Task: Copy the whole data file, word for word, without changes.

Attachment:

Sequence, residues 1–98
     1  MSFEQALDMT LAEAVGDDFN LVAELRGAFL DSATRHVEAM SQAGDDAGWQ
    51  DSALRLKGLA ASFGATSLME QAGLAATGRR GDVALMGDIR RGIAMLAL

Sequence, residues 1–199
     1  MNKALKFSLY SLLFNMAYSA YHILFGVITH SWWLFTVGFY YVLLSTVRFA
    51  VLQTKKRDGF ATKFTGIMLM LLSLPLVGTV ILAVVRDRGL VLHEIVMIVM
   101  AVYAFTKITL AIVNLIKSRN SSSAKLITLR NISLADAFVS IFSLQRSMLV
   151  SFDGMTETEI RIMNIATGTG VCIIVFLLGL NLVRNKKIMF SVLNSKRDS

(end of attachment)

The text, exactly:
Sequence, residues 1–98
     1  MSFEQALDMT LAEAVGDDFN LVAELRGAFL DSATRHVEAM SQAGDDAGWQ
    51  DSALRLKGLA ASFGATSLME QAGLAATGRR GDVALMGDIR RGIAMLAL

Sequence, residues 1–199
     1  MNKALKFSLY SLLFNMAYSA YHILFGVITH SWWLFTVGFY YVLLSTVRFA
    51  VLQTKKRDGF ATKFTGIMLM LLSLPLVGTV ILAVVRDRGL VLHEIVMIVM
   101  AVYAFTKITL AIVNLIKSRN SSSAKLITLR NISLADAFVS IFSLQRSMLV
   151  SFDGMTETEI RIMNIATGTG VCIIVFLLGL NLVRNKKIMF SVLNSKRDS